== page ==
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              February 7, 2018

              Bummer.

              Catching up on January’s articles, I ran across this one from Dramatica co-creator Melanie Anne Phillips on the “Sweet Spots” of story:

              Now, consider that just as a tennis racket (a spatial construct) has a sweet spot, so too can a narrative (a temporal construct) have a sweet spot. Sweet spots in time… what would they be? They would be story points. Specifically, dynamic story points.

              I say bummer because I was so excited that she was returning to developing more areas of Dramatica that I failed to realize that she originally posted this article almost five years ago.

              Five years.

              If you haven’t had a chance to read The Dramatics of “Sweet Spots”—or you did and completely forgot about it—it’s worth a second or third or fifteenth reading.

              Most important takeaways:

              Elements are Processes NOT Objects

              The elements found in the Dramatica Table of Story Elements represent items in motion:

              These elements are not objects but processes. For example, “Hope” is not really a thing but rather the process of “Hoping.”

              Dream is Dreaming. Past is Pasting. Preconscious is Preconsciousing. I do this automatically now, but if you’re new to Dramatica or struggling to understand how a story point fits into your narrative, this idea that the elements are processes not things can usually help you breakthrough any mental blocks.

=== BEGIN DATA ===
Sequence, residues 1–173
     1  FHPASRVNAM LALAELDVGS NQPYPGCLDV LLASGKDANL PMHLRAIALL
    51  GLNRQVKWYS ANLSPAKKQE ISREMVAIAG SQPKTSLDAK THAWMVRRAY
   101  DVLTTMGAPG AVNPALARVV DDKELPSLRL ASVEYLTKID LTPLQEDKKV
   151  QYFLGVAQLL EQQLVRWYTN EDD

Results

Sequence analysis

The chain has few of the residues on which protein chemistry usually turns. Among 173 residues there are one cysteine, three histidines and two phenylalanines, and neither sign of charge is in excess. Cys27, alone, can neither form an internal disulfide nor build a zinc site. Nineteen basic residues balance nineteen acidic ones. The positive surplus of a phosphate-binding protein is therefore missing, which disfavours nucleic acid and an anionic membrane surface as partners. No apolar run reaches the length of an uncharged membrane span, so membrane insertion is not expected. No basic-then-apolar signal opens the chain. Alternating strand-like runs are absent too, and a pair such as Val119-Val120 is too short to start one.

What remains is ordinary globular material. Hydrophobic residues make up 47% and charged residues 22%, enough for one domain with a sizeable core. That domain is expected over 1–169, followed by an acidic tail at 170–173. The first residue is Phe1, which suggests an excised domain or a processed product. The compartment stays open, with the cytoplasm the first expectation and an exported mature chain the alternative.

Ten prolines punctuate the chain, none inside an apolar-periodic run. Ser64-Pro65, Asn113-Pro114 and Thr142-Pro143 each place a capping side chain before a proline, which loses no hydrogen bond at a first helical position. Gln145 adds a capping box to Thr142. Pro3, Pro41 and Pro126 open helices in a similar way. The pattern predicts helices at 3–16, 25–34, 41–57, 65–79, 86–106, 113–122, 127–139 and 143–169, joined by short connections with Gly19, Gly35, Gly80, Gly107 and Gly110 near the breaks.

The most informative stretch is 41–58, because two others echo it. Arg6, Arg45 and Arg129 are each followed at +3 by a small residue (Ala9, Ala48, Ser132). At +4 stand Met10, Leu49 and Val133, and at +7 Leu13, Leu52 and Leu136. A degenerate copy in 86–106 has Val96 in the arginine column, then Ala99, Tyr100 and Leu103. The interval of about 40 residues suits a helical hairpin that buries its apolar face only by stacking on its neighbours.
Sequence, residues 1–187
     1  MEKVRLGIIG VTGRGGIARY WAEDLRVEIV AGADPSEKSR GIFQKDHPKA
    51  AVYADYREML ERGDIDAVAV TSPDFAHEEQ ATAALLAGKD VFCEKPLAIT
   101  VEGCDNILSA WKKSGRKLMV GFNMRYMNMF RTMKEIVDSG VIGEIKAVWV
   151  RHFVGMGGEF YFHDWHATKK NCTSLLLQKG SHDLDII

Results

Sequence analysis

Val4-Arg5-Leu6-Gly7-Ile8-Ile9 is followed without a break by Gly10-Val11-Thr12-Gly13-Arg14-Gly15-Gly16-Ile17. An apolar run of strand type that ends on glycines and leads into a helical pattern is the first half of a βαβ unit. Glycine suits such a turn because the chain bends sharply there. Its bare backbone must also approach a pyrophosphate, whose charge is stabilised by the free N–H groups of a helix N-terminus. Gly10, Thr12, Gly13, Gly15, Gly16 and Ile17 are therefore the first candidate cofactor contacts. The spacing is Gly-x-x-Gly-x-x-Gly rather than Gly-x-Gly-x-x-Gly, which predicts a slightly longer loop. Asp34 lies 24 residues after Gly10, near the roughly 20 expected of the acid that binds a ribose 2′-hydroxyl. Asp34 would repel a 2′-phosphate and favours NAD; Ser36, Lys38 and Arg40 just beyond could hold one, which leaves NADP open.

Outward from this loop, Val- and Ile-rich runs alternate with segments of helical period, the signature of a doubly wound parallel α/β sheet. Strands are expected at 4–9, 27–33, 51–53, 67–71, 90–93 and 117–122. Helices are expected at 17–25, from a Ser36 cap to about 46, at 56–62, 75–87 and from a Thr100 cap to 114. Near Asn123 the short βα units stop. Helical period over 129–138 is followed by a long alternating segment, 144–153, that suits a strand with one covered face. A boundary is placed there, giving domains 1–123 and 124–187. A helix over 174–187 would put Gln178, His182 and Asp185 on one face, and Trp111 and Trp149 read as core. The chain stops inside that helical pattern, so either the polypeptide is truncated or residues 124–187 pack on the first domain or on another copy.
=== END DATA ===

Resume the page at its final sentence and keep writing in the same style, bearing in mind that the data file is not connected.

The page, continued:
Story Points Consist of Two Parts

              Building on this idea of elements as processes, we add the element of perspective:

              But when one of these items is seen as a Goal (such as a Goal of Memory, which might be trying to remember or trying to forget) suddenly we are looking at it from a particular point of view – as the story’s Goal. This contextualizes the process element by combining its nature with how it is being perceived. This blending of object and observer, item under study and point of view – this creates perspective. And perspective is a nodal point – a spatial sweet spot.

              The item in question and the point-of-view from which it is seen. This is how an Author identifies the key points of their story’s structure.

              In Dramatica, story points (such as Goal, Main Character Problem, and Benchmark) are all spatial story points – sweet spots in space that represent the harmonic conjunction of point of view and item being observed.

              The rest of the article deals with the development of temporal story points—dynamics that now are only found within the Main Character Dynamics like Main Character Resolve and Plot Dynamics like Story Outcome and Story Judgment.

              The development of this dynamic model is so essential to the progression of narrative theory.

              Much like signposts and journeys enable the translation of narrative meaning to narrative sequence, such a model would hold insight into the relationship between time and space, the smallest sub-atomic particles and the world of quantum theory across that bridge from matter to probability.